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Wednesday July 11, 2018

readers have their say... Find out the WORD on the Street. Q: With the recent weather, do you think it’s important to be prepared for a storm and natural disaster?

Esther King, Wainuiomata It’s very important. We have a little camp burner to boil water for hot water if the power goes out.

Carlo Patea, Wainuiomata I feel like we have a few civil defence places in Wainuiomata that we could get to if there was a disaster. There are plenty of safe zones but it’s important to be prepared.

Mitchell Gibbs, Wainuiomata I think it’s highly important, almost common sense.

Tania Snoep, Wainuiomata It’s absolutely important and the community here is good at being connected. I think we’d all pull together if something happened.

Dawn McKinley, Wainuiomata I think it’s important because Wainuiomata may be cut off after a major event. I keep a go bag in my car just in case I am out of the valley.

Paul McKinley, Wainuiomata Be prepared, your proactive actions will help to free up emergency services.

LETTERS to the editor Letters on issues of community interest are welcomed. Guidelines are that they should be no longer than 150 words. They must be signed and a street address provided to show good faith, even if a nom de plume is provided for publication. The editor reserves the right to abridge letters or withhold unsuitable letters from publication. Send or fax them to the address on page two, or email them to Please note that your name and street address must also be provided in e mails.

Matariki event coverage Dear Editor, Wow what a stunning display of fireworks on Saturday night, I was blown away by it, so stunning and it was like it was made just for me. The view from our house in Fraser Street was the best seat in the house, but how sad that no-one I know or work with knew anything about it being on!

It was only by trolling through the Wainuiomata News that I found some rather oblique reference to it. This should have been on banners and billboards and front-page of your newspaper as a not-to-be missed event. I hope they did get a good turn out, they really deserved to for such an amazing display. Such a shame as

they could have had so many more turn up if only it had been better advertised, Wainui needs some positive reinforcement and this would have been the ideal launching pad. Stephen Owens Wainuiomata

Poppy Appeal changing lives New Zealand Returned and Services’ Association has paid tribute to New Zealanders for their generosity and empathy for current and former service personnel through the 2018 Poppy Appeal, after it raised $1.7 million in donations across New Zealand. The theme of the 2018 Poppy Appeal – not all wounds bleed – generated significant discussion and focus around the mental health challenges faced by current and former service men and women as well as their families. RSA national president BJ Clark says the RSA’s ability to support those impacted by service relied on public donations. “Poppy Appeal funds are used to provide essential services for the health and resilience of New Zealand’s current and former service personnel, and their families,” BJ says. “We are grateful for the fantastic public support through donating on and around Poppy Day; for all our volunteers who contribute their time and effort; and for our corporate partners who contribute so generously to the Poppy Appeal. That support enables us to care for those who have served our country at home and overseas,” he says. The estimated collection for the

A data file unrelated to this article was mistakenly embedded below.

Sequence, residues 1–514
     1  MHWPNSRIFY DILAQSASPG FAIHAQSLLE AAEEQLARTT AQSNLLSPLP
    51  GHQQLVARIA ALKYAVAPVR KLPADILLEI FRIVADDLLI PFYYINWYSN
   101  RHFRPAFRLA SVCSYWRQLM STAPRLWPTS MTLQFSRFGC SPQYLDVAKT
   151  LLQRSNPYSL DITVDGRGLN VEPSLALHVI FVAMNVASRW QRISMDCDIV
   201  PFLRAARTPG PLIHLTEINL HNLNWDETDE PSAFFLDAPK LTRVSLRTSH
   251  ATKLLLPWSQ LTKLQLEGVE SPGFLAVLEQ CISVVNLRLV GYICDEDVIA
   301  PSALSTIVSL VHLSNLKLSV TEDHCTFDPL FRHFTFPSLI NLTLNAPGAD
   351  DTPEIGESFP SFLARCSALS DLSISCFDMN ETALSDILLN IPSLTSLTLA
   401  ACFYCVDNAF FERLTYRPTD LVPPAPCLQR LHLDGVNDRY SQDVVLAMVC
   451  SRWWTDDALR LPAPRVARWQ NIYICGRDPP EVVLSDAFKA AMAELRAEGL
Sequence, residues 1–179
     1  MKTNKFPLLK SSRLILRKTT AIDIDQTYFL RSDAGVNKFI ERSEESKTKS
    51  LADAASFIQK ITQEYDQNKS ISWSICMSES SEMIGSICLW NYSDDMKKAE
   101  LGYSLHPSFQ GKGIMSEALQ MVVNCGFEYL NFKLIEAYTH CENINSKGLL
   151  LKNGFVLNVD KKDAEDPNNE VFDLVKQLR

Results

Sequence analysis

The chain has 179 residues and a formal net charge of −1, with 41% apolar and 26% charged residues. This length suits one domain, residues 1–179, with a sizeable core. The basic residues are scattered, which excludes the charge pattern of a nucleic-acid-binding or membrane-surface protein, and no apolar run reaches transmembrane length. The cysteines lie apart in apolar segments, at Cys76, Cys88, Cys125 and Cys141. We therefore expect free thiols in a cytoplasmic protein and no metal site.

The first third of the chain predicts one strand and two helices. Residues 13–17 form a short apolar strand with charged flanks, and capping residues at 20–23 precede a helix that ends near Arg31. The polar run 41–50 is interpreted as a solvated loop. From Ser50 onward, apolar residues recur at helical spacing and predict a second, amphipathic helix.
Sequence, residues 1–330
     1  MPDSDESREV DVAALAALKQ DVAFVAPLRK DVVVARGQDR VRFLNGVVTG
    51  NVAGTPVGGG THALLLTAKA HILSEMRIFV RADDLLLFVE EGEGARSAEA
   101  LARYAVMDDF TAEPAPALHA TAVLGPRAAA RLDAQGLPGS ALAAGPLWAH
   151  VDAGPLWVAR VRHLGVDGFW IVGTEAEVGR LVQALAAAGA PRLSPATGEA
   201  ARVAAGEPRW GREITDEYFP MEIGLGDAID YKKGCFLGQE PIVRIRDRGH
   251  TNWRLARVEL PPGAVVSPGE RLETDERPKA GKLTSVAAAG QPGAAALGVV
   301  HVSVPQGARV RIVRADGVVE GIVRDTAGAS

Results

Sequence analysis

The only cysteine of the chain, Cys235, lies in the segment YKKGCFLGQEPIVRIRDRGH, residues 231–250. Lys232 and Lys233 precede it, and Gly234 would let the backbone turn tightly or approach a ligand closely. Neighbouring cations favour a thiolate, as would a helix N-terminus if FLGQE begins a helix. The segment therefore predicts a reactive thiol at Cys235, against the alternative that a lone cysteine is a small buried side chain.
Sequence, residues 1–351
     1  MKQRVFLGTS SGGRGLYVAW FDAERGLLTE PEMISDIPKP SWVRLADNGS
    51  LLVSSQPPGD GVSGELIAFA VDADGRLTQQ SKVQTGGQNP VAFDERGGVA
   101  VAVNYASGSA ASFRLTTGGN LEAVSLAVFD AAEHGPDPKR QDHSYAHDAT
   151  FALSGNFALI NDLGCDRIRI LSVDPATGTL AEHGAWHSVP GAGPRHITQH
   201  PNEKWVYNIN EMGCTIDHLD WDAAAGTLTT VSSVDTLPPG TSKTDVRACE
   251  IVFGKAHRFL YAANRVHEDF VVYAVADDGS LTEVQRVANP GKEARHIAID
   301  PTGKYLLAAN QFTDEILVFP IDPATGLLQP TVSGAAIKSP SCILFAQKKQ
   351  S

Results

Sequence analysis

The Lower Hutt Events Centre, Town Hall and clock tower. PHOTO: SUPPLIED

Opening just around the corner RSA collectors in Wellington. PHOTO: SUPPLIED

Hutt Valley and Wainuiomata is around $20,000. The funds raised through the Poppy Appeal will assist in many ways, including recovery from psychological trauma and helping the families of current and former military personnel deal with health or hardship issues. In 2017, there were 19,992 welfare interactions completed by over 150 volunteer RSA support advisors. Many of these were face to face interactions with Veterans

in need of help. BJ says it is critical New Zealanders understand that younger servicemen and women have been impacted by their time in uniform as much as their older predecessors were. “Many of those who serve – whether deployed in recent conflicts, or in routine service – face major challenges as a result of the actions and circumstances they witness and participate in,” he says.

The wraps are off, the scaffolding is down and soon people will be able to see inside Lower Hutt’s new Events Centre and refurbished Town Hall. The Events Centre and Town Hall will officially be opened on Saturday, July 14 by Lower Hutt Mayor Ray Wallace and Deputy Mayor David Bassett. “The Lower Hutt Events Centre project, which includes an upgrade of the existing Town Hall, will boost the local economy and add to a suite of facilities across the

city to cater for a range of community needs. It’s one of the key projects in Council’s Economic Development Plan which will add vibrancy to the Civic Precinct by attracting events and conferences,” David says. The Events Centre opening will begin at 10.15am, with entertainment between 10.45am and 2pm including bands and kapa haka groups from Lower Hutt high schools, the Wellington Ukulele Orchestra and the Wellington Youth Circus.

Wainuiomata News 11-07-18  

Wainuiomata News 11-07-18

Wainuiomata News 11-07-18  

Wainuiomata News 11-07-18